What do Dems do with identity politics when traditional Dem voter groups are doing great?
Friday’s jobs report didn’t hold any good news for Democrats; the official unemployment rate remains steady at 4.9%. The report also shows the jobless rate dropping among black people and historic jobless lows for Hispanics, with the Hispanic unemployment rate at 4.7%.
The U.S. economy added 228,000 jobs in November, according to the monthly jobs report from the Bureau of Labor Statistics. The unemployment rate remained steady at 4.1 percent, unchanged from October.
“Employment growth has averaged 174,000 per month thus far this year, compared with an average monthly gain of 187,000 in 2016,” the agency’s acting Commissioner William J. Wiatrowski said of the report.
The number of unemployed people was “essentially unchanged at 6.6 million,” the bureau said. Of that number, 1.6 million are considered to be long-term unemployed — workers who have not had jobs for 27 weeks or more.
“Among the major worker groups, the unemployment rate for teenagers increased to 15.9 percent in November,” the Bureau of Labor Statistics said. Other groups saw little change from the previous month.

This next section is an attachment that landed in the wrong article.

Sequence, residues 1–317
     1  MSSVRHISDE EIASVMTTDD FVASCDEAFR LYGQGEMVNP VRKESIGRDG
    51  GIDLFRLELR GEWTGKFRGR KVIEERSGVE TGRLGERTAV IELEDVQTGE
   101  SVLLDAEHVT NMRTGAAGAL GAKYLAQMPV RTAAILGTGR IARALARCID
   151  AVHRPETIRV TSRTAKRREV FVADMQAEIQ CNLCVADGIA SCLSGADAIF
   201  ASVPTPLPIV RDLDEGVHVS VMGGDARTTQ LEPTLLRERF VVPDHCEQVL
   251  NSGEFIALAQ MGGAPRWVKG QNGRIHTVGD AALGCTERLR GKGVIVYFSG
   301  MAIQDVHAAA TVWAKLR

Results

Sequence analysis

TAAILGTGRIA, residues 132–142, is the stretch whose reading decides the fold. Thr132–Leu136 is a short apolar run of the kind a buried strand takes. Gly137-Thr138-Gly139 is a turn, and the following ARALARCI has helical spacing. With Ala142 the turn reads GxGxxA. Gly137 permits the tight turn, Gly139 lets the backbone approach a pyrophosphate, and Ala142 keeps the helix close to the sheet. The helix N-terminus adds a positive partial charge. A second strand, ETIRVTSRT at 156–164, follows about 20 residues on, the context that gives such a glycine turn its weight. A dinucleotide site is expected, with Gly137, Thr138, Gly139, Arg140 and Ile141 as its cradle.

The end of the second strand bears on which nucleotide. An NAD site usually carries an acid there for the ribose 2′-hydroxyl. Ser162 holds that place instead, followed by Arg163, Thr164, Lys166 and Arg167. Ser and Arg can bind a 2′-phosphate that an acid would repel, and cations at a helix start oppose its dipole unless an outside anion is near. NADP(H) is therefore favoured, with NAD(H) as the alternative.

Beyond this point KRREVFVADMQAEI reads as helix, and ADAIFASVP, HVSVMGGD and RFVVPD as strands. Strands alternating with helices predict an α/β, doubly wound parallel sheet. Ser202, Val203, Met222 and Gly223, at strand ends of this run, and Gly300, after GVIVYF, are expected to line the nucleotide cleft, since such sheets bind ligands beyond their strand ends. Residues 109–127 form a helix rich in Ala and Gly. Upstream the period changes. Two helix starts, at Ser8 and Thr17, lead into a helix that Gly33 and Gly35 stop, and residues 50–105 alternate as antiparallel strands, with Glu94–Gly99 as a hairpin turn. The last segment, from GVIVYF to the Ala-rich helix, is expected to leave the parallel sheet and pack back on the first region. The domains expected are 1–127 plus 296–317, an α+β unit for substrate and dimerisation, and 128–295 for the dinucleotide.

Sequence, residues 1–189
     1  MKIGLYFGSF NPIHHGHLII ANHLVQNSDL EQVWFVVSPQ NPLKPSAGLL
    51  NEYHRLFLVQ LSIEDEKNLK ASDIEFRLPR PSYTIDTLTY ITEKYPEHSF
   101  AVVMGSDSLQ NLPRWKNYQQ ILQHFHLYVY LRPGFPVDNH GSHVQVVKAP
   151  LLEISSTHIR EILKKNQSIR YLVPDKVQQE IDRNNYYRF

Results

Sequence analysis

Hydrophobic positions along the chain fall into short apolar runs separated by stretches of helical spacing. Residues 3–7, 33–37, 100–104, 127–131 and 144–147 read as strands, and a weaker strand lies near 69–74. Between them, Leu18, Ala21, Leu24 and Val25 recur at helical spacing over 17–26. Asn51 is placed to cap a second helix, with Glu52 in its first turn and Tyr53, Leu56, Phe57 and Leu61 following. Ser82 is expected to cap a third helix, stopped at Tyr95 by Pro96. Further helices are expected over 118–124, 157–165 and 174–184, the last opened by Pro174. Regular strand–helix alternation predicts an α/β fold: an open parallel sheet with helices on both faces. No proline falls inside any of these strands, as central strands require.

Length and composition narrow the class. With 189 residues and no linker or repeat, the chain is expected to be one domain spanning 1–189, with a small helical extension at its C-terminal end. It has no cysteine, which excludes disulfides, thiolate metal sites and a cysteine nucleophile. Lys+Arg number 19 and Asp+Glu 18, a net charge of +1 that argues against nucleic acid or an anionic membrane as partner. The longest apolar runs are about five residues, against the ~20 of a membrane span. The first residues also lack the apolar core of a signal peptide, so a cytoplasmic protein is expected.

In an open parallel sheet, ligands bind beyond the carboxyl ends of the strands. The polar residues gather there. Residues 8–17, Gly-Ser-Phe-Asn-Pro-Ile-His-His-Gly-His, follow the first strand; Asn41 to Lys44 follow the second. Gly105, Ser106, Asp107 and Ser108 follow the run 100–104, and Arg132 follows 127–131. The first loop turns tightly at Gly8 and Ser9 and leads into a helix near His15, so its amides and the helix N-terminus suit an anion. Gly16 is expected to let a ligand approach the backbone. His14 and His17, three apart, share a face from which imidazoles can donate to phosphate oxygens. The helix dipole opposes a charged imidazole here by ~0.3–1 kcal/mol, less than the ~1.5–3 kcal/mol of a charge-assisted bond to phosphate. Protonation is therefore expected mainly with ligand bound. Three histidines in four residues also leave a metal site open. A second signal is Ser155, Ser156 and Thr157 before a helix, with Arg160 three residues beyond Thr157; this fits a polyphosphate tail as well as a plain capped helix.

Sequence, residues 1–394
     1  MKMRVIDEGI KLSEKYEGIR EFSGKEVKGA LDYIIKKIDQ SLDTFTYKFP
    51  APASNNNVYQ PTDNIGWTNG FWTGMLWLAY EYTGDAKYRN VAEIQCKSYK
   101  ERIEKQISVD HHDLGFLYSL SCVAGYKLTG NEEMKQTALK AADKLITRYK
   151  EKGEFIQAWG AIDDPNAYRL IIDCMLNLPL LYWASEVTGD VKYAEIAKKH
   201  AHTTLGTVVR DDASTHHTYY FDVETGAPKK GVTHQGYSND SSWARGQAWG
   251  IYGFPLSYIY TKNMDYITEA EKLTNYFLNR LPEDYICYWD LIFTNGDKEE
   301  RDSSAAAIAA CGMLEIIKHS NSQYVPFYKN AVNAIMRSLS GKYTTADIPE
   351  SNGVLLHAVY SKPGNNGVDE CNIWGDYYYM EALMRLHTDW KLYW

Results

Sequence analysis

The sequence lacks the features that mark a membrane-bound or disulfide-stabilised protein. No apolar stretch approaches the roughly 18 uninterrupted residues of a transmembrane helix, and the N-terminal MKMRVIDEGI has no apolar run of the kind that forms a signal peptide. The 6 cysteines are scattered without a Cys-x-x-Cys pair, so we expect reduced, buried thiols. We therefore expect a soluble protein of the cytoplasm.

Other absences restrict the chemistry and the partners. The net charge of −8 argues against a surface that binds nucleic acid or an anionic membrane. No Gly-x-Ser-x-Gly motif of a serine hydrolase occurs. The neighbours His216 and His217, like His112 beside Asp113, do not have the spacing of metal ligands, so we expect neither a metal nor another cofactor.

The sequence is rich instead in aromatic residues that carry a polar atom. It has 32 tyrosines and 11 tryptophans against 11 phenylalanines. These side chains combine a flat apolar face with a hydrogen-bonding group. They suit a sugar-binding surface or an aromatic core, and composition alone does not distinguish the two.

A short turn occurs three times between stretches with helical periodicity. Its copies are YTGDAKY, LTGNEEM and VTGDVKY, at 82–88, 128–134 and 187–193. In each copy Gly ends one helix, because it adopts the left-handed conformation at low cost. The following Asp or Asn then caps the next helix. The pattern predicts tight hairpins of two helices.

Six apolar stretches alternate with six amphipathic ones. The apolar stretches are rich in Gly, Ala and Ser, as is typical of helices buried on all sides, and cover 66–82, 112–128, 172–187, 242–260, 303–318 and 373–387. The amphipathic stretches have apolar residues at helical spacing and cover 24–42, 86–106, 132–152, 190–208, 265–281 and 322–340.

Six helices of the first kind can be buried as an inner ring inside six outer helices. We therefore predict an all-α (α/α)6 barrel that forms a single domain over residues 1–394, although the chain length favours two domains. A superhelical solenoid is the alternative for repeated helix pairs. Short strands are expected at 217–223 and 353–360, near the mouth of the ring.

. . . . The labor force participation rate remained at 62.7 percent in November; the BLS said that the employment-population ratio, which stands at 60.1 percent, has changed little since early 2017.
One area of marked improvement is in manufacturing.
Responding to the news, White House Press Secretary Sarah Sanders said, “We’re especially pleased to see the manufacturing sector roaring back to life, adding a total of 159,000 jobs since President Trump took office after averaging a loss of more than 1,000 jobs per month during the last year of the previous administration.”
These were jobs that Democrats, including former president Obama, insisted were never coming back. They may not on the levels of the mid-twentieth century, but that doesn’t mean we can’t have a robust manufacturing sector. It seems we are moving in that direction.
Friday’s report largely indicates that in contrast to the last economic expansion, the U.S. manufacturing base is growing, or as Joe Quinlan, chief market strategist at U.S. Trust, wrote in a note this week, “the death of American manufacturing has been greatly exaggerated.”
Furthermore, Friday’s jobs report doesn’t bode well for Democrats who hope against hope that their stranglehold on minority voters won’t be shaken loose, that black and Hispanic people won’t notice that their lives are improving as their unemployment numbers drop.
On the campaign trail and throughout this first year of his presidency, President Trump has promised to work for all Americans and notably challenged black and Hispanic voters to take a look at their situation under Democrats and ask themselves what they have to lose in giving Trump a chance.